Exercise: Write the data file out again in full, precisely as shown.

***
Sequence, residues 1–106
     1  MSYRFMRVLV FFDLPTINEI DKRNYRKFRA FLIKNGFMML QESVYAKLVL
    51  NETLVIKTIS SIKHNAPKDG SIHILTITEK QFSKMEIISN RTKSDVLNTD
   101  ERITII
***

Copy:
Sequence, residues 1–106
     1  MSYRFMRVLV FFDLPTINEI DKRNYRKFRA FLIKNGFMML QESVYAKLVL
    51  NETLVIKTIS SIKHNAPKDG SIHILTITEK QFSKMEIISN RTKSDVLNTD
   101  ERITII